Glazing System Non-Convergence Error Message
Tuesday, September 5, 2017
There are some circumstances where Berkeley Lab WINDOW 5 will give the following error message:
This error can occur either in the Window or Glazing System calculation, but it is actually an error that occurs when the program tries to calculate the glazing system thermal properties — it occurs in the Window Library because the program recalculates the center-of-glass U-value based on the window height. It will happen in rare circumstances because of a problem with the discontinuity in correlations that calculate convective heat transfer in glazing cavities.
The solution is to change either the glazing system height or width. In general, the most practical solution is to change the glazing system height rather than the width..
WINDOW 5 uses a default glazing system height of 1000 mm when calculating the U-factor in the Glazing System Library. However, in the Window Library, the program will use the defined window height to re-calculate the glazing system U-factor to get the center-of-glass value to use in the whole-window calculation. If the program calculated the glazing system U-factor in the Glazing System Library without error, but then shows the "Non Convergence" error in the Window Library, the problem is that the glazing system height, now based on the window height relative to the glazing system width, creates the thermal condition that coincides with the discontinuity in the correlation.
The solution is to decrease the window height. This can be done in two ways:
- Adjust the height in the Window Library Detailed screen
- Change the value for "Nominal window height" in the File/Preferences/Options screen, and also Check the "Use Nominal Heights" checkbox. This will override the actual window height with the nominal height in the calculation.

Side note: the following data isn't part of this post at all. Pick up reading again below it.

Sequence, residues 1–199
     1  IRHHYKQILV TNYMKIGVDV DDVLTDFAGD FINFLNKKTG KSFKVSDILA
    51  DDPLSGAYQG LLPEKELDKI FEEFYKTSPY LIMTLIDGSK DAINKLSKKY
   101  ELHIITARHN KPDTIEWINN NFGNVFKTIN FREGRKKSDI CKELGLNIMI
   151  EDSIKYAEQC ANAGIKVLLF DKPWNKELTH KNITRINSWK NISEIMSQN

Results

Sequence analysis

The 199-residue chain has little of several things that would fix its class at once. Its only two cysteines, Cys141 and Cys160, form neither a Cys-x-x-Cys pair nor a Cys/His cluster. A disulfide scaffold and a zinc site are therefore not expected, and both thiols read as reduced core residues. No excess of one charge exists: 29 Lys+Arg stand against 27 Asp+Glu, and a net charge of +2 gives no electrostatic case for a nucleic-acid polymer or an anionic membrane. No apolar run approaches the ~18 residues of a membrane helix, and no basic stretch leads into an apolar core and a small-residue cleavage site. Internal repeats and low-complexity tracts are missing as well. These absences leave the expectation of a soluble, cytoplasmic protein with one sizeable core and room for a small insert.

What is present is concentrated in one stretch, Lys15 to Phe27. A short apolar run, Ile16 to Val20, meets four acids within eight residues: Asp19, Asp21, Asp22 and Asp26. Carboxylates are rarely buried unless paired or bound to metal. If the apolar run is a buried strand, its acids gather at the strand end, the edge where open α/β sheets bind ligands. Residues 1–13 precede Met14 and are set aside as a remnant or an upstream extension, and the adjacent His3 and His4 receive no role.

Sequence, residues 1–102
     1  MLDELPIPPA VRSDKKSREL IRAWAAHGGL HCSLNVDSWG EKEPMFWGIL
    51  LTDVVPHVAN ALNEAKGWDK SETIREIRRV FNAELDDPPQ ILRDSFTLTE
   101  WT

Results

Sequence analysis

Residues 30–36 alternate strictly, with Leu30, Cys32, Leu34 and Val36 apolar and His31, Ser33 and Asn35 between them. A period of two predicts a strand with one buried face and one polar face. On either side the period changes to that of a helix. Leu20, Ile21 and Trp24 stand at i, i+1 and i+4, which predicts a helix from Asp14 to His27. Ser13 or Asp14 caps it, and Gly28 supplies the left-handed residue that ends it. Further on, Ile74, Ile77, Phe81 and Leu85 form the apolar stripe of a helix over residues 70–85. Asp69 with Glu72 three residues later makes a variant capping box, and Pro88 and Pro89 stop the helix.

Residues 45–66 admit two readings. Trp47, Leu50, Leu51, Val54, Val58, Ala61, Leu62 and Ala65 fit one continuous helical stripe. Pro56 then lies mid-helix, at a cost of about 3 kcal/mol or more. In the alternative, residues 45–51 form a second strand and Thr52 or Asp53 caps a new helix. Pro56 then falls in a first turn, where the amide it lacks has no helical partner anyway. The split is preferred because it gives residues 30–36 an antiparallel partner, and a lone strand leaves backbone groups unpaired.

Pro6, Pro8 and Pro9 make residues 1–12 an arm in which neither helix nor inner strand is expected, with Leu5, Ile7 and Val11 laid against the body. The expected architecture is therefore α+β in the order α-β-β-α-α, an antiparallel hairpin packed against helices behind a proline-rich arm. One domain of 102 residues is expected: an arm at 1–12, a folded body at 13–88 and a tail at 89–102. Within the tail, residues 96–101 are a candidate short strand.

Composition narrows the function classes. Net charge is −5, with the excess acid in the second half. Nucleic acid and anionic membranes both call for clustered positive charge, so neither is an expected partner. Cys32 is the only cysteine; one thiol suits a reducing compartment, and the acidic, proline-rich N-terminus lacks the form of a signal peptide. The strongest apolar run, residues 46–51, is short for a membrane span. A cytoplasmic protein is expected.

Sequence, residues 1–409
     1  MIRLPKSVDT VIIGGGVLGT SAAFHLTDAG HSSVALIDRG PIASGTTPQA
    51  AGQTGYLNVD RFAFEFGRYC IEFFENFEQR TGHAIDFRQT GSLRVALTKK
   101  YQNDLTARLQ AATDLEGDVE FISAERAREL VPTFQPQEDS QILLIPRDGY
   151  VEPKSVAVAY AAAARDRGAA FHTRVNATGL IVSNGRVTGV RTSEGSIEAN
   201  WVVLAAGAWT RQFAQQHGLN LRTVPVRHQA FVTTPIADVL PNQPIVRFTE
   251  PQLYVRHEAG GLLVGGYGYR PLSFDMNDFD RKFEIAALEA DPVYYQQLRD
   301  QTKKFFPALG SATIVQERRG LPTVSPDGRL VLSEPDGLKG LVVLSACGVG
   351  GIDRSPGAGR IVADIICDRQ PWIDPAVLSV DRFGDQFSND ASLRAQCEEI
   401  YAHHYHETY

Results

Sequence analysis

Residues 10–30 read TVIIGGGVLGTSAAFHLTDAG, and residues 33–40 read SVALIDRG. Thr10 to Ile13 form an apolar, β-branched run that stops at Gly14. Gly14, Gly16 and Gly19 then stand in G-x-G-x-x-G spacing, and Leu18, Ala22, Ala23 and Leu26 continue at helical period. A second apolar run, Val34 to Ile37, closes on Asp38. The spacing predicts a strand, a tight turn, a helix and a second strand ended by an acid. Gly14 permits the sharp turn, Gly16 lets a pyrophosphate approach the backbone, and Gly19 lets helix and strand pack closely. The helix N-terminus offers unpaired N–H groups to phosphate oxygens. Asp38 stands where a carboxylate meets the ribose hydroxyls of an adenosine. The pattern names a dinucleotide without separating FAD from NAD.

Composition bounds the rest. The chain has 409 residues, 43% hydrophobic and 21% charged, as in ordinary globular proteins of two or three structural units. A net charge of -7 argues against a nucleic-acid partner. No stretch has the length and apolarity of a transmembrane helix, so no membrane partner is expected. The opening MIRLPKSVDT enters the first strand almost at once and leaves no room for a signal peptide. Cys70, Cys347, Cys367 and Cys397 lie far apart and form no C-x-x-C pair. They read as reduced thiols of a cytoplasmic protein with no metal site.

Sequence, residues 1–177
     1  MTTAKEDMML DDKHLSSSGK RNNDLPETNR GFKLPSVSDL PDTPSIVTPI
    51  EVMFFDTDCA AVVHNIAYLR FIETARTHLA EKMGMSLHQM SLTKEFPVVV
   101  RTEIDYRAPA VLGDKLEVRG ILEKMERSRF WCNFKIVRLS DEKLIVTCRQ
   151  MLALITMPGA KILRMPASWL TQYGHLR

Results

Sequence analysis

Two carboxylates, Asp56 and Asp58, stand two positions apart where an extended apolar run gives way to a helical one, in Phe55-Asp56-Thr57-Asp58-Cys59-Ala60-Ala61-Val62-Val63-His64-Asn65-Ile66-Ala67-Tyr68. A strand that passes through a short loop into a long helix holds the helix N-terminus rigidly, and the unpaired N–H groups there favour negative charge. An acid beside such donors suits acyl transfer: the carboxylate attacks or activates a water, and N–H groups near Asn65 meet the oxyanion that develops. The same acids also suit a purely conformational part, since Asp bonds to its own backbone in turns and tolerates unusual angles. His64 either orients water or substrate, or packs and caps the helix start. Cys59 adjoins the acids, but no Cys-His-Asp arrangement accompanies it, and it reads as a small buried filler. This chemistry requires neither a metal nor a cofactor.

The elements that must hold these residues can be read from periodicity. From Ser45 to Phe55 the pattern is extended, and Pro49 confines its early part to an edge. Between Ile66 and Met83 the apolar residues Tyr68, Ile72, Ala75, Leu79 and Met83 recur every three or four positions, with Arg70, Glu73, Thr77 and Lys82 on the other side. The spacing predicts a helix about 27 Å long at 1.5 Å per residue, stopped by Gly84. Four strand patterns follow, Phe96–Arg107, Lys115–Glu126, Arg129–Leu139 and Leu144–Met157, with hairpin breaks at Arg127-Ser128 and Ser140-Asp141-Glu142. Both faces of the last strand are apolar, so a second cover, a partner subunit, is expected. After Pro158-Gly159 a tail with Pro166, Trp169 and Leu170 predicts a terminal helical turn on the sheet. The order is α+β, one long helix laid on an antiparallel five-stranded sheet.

Option 2 is the preferable choice, so that the other properties calculated for the whole window will be according to the actual window dimensions.
The process of determining what glazing system height is required for the program to perform the calculation without error is an iterative process. There will most likely be heights above and below the problem height that will allow the calculation to proceed. Once these heights are determined, do a whole-window calculation (in the Window Library) for each case, and compare the U-factors.
In general, the higher, more "punitive" U-factor should be selected, so that you are not getting U-factor "credit" for an artificially set glazing system height. The U-value differences between the cases should be relatively small.
The window below does not calculate, instead giving the "Non Convergence" error message.
The window is 1500 mm high, so the first thing to do is to determine at what heights the window will calculate.
In the Preferences (File/Preferences/Options) dialog box, check the "Use Nominal Heights" checkbox, and change the "Nominal window height" field (maybe in increments of 100 mm), and then go back to the Window Library to see if the window will calculate at the new nominal window height. (Leave the Glazing system height defaulted to 1000 mm).
For this example, the window would calculate at a Nominal window height of 1275 mm and also at 1925 mm, so these are the two heights that bound the U-factor results. Here are the U-factor results for each Nominal window height:
|Nominal Window Height||U-factor|
In this case, the higher U-factor (the "punitive" case) is 0.713, which corresponds to the 1275 mm window height, so that is the U-factor that should be used as the result of this calculation.